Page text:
Physics Experiments For Kids [7 Awesome Ideas]

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Physics experiments for kids are a perfect introduction to the fantastic world of science. Physics experiments challenge you to think about the hidden forces that drive the world. Even easy science experiments for kids can teach surprising lessons and reveal how fascinating the world is.

Here are a few fun physics projects you can try at home.

Related post: 32 Cool Science Experiments for Kids at Home

Physics Experiments For Kids

Powerful Paper Construction

This is one of my favorite STEM activities. All you need is

  • Some paper
  • Scotch tape
  • A stack of books/ one book and heavy items to balance on top of it

All great science experiments start with a question, ‘Can you use paper and tape to build a structure strong enough to support a book?’

I suggest posing the question and then seeing what your kids come up with. Trying and failing is part of a physics experiment.

When they’re ready, you can show them a solution. You roll the paper into a tube and use a small piece of tape to hold it in that shape. With four tubes, you can easily support an impressive number of books.

To extend the project, your kids can investigate which size and shape of the tube are the strongest. If your child is competitive, then why not make it a fun competition.

So Why Isn’t The Paper Crushed By The Books?

It’s all about the shape. A cylinder is one of the most robust shapes. Because it has a circular shape running all along the length, this evenly distributes the books’ weight. So no one point on the paper takes more stress and weakens.

Another illustration of this is with a soda can. You can try crushing a soda can – it’s really hard. An average can will support the weight of an average adult. But if you squash it a little in the middle, then try again, it suddenly crumples up. With its shape damaged, the weight is no longer evenly spread.

Lego Balloon Car/Zipline

I’ve bundled these two physics experiments for kids together because they both use LEGO to explore some exciting physics ideas.

In both of these awesome physics experiments, your child has the chance to build their own creation and see how it performs. They can then tweak their design and process to improve the performance of what they’ve made. They can either make a balloon-powered car or build a ‘carrier’ to help a LEGO man ride a zipline.

LEGO car

There are so many ways that you can explore science, starting from these simple physics experiments. You can try to make the car travel further by changing either the vehicle or the balloon. You can find the perfect slope to get the LEGO man down the zipline as fast as possible, without his vehicle breaking at the end. You can measure the distances and times for older kids and calculate how fast their creations are going.

If you want to use these experiments to introduce some physics ideas, both of them touch on ideas of

  • Potential and kinetic energy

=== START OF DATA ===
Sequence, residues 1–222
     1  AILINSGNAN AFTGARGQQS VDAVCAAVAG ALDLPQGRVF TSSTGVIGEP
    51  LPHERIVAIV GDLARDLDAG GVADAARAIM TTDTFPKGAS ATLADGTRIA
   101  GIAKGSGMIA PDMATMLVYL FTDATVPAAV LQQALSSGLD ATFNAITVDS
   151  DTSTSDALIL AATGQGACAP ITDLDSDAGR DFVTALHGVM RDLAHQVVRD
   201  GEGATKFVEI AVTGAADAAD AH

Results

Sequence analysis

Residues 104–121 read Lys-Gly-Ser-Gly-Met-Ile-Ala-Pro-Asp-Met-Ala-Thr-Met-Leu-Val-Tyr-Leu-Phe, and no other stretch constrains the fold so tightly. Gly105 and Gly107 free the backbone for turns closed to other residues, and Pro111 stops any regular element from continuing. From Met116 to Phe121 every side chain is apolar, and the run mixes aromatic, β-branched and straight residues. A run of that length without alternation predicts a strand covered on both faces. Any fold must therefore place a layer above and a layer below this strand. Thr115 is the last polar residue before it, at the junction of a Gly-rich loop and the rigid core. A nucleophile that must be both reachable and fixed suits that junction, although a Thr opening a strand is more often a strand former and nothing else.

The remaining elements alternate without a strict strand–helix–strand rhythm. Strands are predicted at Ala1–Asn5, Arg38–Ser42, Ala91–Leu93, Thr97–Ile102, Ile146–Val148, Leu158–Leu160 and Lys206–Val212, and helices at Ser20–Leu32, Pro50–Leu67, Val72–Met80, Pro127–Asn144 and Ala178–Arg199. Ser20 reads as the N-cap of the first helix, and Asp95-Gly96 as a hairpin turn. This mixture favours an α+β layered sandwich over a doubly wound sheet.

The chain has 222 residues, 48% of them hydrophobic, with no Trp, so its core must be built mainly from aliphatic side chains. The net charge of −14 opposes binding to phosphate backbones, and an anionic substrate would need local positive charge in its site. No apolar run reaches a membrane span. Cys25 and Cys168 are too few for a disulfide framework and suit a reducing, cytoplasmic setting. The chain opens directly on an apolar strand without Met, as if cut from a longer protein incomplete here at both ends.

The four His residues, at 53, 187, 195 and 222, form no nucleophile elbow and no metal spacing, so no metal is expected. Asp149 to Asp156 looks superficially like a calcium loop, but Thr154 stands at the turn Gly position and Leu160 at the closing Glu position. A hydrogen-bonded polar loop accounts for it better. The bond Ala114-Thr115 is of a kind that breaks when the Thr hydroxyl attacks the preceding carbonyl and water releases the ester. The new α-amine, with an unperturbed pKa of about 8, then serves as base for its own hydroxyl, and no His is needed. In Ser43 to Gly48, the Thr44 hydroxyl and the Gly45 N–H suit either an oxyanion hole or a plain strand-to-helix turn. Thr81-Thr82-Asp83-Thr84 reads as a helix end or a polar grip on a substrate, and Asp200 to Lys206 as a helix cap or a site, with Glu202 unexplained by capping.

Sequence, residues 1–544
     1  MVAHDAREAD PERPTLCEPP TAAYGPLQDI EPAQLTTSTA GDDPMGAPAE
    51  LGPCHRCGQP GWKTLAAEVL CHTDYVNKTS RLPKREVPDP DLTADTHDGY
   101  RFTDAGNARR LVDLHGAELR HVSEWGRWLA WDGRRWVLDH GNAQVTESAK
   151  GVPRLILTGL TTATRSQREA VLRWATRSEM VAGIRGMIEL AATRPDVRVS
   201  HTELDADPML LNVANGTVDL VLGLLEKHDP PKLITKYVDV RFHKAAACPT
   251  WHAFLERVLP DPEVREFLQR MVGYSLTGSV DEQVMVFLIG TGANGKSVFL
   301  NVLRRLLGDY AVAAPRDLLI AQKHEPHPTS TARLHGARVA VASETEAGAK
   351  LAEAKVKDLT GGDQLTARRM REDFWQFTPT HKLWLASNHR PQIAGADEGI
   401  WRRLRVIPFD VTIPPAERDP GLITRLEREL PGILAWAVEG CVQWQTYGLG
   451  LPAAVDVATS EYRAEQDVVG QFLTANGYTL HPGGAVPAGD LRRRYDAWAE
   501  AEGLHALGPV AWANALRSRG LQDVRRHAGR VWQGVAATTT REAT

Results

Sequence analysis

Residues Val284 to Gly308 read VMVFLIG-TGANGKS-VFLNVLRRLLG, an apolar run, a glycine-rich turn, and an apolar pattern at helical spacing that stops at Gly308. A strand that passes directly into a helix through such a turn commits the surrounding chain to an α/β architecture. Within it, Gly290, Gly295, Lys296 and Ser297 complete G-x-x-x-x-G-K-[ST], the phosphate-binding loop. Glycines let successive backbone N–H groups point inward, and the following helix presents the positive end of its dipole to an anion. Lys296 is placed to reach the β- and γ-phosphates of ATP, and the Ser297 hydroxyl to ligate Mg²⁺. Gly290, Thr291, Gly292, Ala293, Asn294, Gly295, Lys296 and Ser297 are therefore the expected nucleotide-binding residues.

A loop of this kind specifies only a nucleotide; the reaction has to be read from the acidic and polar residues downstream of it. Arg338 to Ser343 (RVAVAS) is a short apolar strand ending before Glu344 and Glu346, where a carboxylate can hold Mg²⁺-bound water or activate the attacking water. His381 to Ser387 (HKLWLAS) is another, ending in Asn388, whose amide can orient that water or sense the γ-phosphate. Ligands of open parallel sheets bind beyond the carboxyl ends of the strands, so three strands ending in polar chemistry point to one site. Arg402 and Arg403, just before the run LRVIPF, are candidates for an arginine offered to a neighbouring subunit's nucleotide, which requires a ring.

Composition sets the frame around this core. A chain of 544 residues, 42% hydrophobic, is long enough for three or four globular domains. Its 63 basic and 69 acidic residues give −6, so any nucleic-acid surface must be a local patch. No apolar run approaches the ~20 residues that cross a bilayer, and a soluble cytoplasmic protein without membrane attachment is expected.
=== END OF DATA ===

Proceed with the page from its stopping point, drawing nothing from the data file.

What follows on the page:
• Friction and air resistance
  • Forces
  • Speed, velocity, and acceleration
  • Newton’s laws of motion

Fireproof Balloon

Have you ever been to a birthday party with a few too many balloons? If so, you might have noticed that if they get too near something warm, they pop. A great demonstration of this is with a balloon and a small candle. Blow up the balloon, hold it over the candle, and… pop!

In this simple physics experiment, you are going to make that balloon fireproof! Before you blow it up, you put some water in the balloon. Now when you bring the candle close… nothing happens. Just like magic, only better – science!

So What’s Going On?

First, let’s talk about why the balloon pops when it gets hot. The heat is transferred to the air molecules inside the balloon. They use that heat energy as kinetic energy, which means they start to move around faster. As the molecules spread out, they push harder on the balloon, until they push hard enough to break it.

So why does adding water help? It’s because water is amazing. Honestly, the science of water is fascinating. If it didn’t react to heat the way it does, we wouldn’t be here at all. Water is really good at absorbing heat. It takes a lot of heat energy to warm water up by even a small amount.

The heat from the candle gets absorbed by the water instead of the air molecules. The water needs over 4,000 times more energy to increase its temperature by a single degree than the air does. The same energy doesn’t do much to the water, and the temperature inside the balloon barely changes.

Using Gravity To Find A Cooked Egg

This incredibly simple physics experiment is just the sort that I love. It looks like magic from a distance, and if you’re the dramatic sort, you can play it that way to get your kids interested.

All you need to do is boil an egg in advance and then pop it in the fridge to cool. If you want to pretend you have magic powers, you should boil two to reveal the trick afterward. Present your kids with a row of identical eggs and ask if they can find the cooked one, without breaking any eggs.

The trick is to spin them. Cooked eggs spin much better than raw ones.